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‘Darkhorse’ pauses to honor their fallen

22 Feb 2006 | Cpl. Mark Sixbey

Marines of Company I, 3rd Battalion, 5th Marine Regiment, Regimental Combat Team 5 gathered here to remember two fallen men Monday, Feb. 20.

Cpl. Ross A. Smith, a fire team leader, and Pfc. Javier Chavez Jr., a rifleman, both with 1st Squad, 2nd Platoon, Company I., were killed by hostile action Feb. 9 in the Al Anbar Province.  So far, the company has lost three Marines.

“There are no words I can say that will relieve the hurt that the Smith’s, Chavez’s and we feel., said Lt. Col. Patrick G. Looney, the 43-year-old battalion’s commander from Oceanside, Calif.  “But what I can offer is that these warriors gave their lives doing what they chose to do.  My sincerest condolences go out to the Smith and Chavez families for their great loss.”

Portraits of Smith and Chavez rested alongside their boots, rifles, identification tags and Kevlar helmets, before the U.S. and Marine Corps flags.  The company stood in formation as their close friends and squad members read prayers and reflected on their friendships with the two men.

Lance Cpl. Joshua B. Tallis, an infantryman with 2nd Platoon knew Smith since they arrived together to their platoon.  

“You could always tell his presence, always loud, always happy,” said Tallis, 21, from Los Angeles.  “His platoon is going to miss their brother.”

He said it was Smith’s third deployment to Iraq.  He was 21 years old.

“He was going to get out and take over his father’s business,” Tallis said. 

Smith is survived by his mother, father, and girlfriend in Detroit.

Chavez, from Fresno, Calif., was born Dec. 31, 1986 and recently married Janie Chavez, 19.

“Those of us who knew Javier are better for having known him,” said Lance Cpl Pierce Ford, a 22-year-old infantryman Colorado Springs, Colo.

“Like Corporal Smith, he was an avid athlete, and an excellent student,” Looney added. “He was also a loving husband, a son, and a brother.”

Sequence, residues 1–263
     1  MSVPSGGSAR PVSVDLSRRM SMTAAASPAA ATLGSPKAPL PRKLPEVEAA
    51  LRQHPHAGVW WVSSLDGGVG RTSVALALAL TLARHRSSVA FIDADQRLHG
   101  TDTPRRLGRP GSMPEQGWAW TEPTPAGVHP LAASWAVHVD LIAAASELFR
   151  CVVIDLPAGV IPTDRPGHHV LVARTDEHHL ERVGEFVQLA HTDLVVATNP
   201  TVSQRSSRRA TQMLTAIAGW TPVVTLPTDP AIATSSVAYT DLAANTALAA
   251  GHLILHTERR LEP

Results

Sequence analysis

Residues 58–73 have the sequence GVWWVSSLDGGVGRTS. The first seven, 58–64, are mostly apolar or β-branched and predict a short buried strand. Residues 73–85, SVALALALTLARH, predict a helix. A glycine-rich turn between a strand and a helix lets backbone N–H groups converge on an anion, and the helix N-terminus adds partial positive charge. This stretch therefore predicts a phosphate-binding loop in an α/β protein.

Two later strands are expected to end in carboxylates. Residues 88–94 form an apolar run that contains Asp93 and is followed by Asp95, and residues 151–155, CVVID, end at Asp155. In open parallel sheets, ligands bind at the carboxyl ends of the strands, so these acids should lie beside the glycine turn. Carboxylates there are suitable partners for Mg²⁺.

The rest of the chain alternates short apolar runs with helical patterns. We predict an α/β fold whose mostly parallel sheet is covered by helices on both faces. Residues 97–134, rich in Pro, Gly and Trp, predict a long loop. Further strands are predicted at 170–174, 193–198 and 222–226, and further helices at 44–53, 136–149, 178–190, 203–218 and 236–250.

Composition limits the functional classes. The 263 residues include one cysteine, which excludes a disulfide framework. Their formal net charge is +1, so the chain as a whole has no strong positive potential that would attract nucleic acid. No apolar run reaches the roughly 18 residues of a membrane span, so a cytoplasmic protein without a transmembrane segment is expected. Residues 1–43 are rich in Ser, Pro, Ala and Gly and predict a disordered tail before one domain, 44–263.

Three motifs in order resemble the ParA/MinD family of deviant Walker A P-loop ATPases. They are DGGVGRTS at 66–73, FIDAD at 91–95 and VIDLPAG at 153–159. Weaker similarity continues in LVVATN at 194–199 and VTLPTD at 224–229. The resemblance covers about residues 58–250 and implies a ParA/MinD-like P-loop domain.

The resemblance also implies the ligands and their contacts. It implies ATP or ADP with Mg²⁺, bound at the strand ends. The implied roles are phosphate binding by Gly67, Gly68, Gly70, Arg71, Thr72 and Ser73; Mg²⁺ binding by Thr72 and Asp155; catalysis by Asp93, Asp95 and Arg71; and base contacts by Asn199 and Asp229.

Ford said Chavez always put his family first, going home to see them every chance he had.

“He was dedicated to his family,” said Ford, 20.  “He’d be the first to step up if somebody was being picked on.  My prayers go out to his family.  He’s in a better place now.”

Ford, who knew Chavez since their days at the School of Infantry, said that Chavez planned to use his experience in the Marine Corps as a stepping-stone into a career in law enforcement.

“We pretty much did everything together since we met,” Ford explained.  “He cared about his family, and he was like a brother to me.”

Pfc. Mack McSperitt, from 2nd Platoon knew Chavez since they were classmates in the 7th grade.

“He’s a childhood friend,” said McSperitt, a 19-year-old from Hanford, Calif.  “He joined the Marine Corps before me.  He knew what he wanted to do.  He joined the Corps to become a better person, to learn honor, courage and commitment.”

McSperitt said a few words for the Chavez family.

“He stood up for what he believed in,” he said.  “I’m very sorry for the loss of your son.  It’s hard, but he fought to the end.  You should be proud.”